Written by Josh Glover
27 Jul 2023

Why Should You Report A Needlestick Injury?

Have you ever suffered a sharps injury in silence? Needlestick injuries are one of the biggest occupational hazards within the healthcare environment, having the potential to put your health and job at risk – not to mention the resulting stress and trauma. Despite that fact, they go vastly unreported. 17% of the 7,571 members of the Royal College of Nursing surveyed in 2020 said they’d suffered a sharps injury without reporting it. The time following a sharps injury can be distressing, uncertain, and emotionally draining – often the last thing on your mind will be reporting it, but doing so can help protect healthcare workers and create a safer environment for all. We’ve put together a shortlist of reasons you should report a sharps injury, but first, let’s have a quick refresher on what to do if you get stuck.


1 / What to do if you suffer a needlestick injury

2 / 8 Reasons to report a needlestick injury

3 / Removing the stigma of reporting sharps injuries

4 / Reporting a needlestick injury

5 / Creating a safer healthcare environment 

What to Do if You Suffer a Needlestick Injury

We know you put your all into caring for your patients, but accidents happen. If you ever suffer a sharps-related injury, it’s essential to know what to do in the immediate aftermath. If you pierce or puncture your skin with a used needle or sharp, here’s what you need to do:

1. Hold the wound under running water and encourage it to bleed.

2. Wash the wound using running water and soap.

3. Be gentle, avoid scrubbing the wound.

4. Whatever you do, never suck the wound.

5. Once you’ve washed it, dry the wound and cover it with a waterproof plaster or dressing.

6. Seek urgent medical advice as you may need treatment to reduce the risk of infection.

Once you’ve taken the first steps towards recovery, it’s time to report your injury following local reporting procedures and make sure your local RCN safety representative is aware. It’s important to report ALL sharps injuries and not only those that result from a used needle or sharp.

Remember, your health is important too!

In case you do struggle to remember what to do, you can download this "What to Do If You Suffer a Needlestick Injury" poster for free.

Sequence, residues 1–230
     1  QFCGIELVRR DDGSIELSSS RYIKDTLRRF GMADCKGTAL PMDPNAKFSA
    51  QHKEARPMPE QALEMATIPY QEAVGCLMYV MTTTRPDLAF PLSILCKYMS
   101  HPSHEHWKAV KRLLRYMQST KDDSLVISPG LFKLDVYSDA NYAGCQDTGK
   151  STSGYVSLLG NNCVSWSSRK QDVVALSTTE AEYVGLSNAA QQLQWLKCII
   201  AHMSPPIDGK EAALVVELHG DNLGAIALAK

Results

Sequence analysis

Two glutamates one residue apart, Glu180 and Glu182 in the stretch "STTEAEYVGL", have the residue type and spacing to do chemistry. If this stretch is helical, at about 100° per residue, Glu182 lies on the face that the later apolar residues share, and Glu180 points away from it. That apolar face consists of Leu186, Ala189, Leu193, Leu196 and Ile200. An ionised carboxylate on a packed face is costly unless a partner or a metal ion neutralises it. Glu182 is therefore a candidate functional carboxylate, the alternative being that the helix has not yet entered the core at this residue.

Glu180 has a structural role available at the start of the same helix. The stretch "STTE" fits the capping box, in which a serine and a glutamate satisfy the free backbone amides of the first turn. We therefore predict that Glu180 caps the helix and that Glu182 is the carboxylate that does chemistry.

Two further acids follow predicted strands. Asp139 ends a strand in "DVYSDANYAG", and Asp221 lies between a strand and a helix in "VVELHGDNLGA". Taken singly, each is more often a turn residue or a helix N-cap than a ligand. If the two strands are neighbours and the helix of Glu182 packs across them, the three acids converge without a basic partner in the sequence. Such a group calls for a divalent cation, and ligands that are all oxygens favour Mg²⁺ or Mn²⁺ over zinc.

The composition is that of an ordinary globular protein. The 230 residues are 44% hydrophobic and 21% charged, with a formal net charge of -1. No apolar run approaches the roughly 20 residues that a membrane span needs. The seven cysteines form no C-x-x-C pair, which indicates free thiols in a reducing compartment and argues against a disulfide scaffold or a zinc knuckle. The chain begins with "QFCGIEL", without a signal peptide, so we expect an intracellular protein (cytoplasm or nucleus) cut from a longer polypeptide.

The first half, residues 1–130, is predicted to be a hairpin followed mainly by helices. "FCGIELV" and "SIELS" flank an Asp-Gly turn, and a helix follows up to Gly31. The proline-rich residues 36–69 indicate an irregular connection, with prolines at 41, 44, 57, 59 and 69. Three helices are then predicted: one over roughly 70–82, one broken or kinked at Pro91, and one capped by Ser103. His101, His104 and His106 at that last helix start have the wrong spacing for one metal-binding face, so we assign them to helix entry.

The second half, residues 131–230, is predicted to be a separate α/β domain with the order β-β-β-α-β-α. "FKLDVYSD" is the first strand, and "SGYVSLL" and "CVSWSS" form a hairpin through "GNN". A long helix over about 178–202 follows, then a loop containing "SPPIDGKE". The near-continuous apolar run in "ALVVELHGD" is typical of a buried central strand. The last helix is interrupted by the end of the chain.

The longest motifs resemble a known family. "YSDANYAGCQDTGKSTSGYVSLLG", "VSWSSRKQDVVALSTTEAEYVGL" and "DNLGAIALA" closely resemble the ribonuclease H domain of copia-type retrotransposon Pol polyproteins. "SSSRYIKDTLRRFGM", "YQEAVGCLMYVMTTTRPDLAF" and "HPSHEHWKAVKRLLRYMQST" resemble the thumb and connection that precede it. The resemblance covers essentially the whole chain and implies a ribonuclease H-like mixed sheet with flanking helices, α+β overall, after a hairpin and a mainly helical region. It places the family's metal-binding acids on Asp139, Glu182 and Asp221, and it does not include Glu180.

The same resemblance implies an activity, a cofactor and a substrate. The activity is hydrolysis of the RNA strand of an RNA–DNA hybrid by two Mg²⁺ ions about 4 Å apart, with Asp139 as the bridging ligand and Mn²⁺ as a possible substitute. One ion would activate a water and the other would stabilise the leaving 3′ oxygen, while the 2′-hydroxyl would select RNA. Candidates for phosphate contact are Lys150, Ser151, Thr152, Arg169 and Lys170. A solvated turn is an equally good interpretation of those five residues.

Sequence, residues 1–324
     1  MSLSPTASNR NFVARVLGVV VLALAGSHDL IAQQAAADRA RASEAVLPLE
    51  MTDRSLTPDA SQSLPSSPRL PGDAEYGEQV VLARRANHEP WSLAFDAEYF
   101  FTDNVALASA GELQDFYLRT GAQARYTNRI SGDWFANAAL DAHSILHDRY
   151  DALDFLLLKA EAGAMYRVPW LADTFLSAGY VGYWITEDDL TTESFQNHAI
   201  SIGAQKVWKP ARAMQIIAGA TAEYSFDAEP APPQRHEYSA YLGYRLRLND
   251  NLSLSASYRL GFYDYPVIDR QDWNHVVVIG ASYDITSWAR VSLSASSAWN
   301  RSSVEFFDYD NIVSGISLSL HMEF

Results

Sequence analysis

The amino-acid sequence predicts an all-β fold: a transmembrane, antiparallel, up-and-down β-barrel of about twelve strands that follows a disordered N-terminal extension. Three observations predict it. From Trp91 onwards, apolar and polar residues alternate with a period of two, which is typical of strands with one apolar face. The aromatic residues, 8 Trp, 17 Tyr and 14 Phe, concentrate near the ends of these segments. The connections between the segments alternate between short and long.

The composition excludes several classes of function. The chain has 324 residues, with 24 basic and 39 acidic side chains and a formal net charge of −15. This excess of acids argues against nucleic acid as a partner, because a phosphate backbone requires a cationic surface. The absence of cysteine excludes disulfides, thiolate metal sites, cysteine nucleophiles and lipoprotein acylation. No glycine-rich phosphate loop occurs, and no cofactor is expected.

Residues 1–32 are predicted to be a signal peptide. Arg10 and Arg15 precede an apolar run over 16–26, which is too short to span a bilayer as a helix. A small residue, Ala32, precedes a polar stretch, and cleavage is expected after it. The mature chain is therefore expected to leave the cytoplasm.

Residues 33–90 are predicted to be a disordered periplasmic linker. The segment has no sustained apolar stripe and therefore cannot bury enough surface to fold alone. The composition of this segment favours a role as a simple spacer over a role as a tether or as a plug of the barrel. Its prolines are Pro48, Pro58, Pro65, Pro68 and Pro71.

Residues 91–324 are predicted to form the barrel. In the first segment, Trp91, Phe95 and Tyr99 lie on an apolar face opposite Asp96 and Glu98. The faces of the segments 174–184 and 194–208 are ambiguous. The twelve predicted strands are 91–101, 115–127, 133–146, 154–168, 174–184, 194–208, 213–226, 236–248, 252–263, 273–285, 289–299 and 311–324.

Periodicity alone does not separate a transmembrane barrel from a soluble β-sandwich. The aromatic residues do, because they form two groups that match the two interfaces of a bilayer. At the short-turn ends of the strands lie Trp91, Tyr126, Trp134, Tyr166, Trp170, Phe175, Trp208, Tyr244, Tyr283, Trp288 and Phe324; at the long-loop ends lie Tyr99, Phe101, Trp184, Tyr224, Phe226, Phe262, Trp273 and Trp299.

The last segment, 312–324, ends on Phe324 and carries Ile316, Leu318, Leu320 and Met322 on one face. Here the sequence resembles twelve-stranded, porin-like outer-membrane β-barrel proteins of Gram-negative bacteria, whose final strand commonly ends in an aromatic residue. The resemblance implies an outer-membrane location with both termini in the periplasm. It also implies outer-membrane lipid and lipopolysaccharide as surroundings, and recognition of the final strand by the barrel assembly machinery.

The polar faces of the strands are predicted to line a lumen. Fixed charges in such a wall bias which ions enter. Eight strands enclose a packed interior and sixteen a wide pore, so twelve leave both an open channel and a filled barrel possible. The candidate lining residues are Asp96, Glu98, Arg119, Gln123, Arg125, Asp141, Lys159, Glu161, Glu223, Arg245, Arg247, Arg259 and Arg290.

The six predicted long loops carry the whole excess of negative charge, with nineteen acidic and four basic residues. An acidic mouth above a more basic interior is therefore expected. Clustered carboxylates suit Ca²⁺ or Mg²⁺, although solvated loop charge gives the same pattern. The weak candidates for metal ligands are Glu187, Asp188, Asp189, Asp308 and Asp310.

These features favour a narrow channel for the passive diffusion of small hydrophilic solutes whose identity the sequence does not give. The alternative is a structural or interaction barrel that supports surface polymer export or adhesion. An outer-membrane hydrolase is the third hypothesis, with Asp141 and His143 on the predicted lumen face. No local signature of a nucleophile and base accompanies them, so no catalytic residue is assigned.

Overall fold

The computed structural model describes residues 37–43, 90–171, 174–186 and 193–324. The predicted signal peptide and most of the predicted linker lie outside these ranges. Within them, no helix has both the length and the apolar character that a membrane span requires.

A Note on Needlestick Injuries

These types of injuries occur when healthcare workers accidentally get pricked or cut by needles or other sharp objects during medical procedures. But don’t be fooled by the name – it’s not only needles that can cause these injuries. Sharps can include a whole range of medical equipment like syringes, scalpels, lancets, and even broken glass from equipment. We recently partnered with the Royal College of Nursing to discuss needlestick injuries and their recently published sharps safety guidance in a webinar which is now available on demand:


Sharps Safety - Guidance on the Prevention and Management of Sharps Injuries


Finding the Time to Report a Sharps Injury

One of the biggest obstacles to reporting a sharps injury is time, or more accurately, a lack of it. Time is a valuable resource and this seems more true in the healthcare environment than in most other settings – how many shifts have you finished wondering where the time went? Despite this, finding the time to report any sharps injury you sustain is important for your health, and you deserve access to the help you may need as soon as possible. 

8 Reasons to Report a Needlestick Injury

We were never going to settle on one good reason to report a sharps-related injury, we decided instead to compile a list of 8 reasons:

Swift Medical Attention

This helps you avoid delayed or inadequate medical treatment and long-term health implications. Not forgetting the emotional toll of a sharps injury, access to a counsellor or support group can also form a vital part of the medical attention you receive.

Early Detection of Bloodborne Infections

This provides you with the opportunity to begin any necessary treatments as soon as possible – helping to prevent potential long-term complications including the spread of bloodborne pathogens such as hepatitis B, hepatitis C, and HIV.

Access to Post-Exposure Prophylaxis (PEP)

Post-Exposure Prophylaxis (PEP) is a medication that can help prevent infection from bloodborne pathogens if taken within a 72-hour window of the injury.

Protection of Healthcare Workers

By helping your facility understand where and why injuries are occurring, you enable them to make the necessary changes to protect your fellow healthcare workers.


Improved Workplace Safety

Identifying potential hazards and risk factors leads to improvements in workplace safety, including the implementation of safer work practices and the use of safer equipment.


Promotion of a Culture of Safety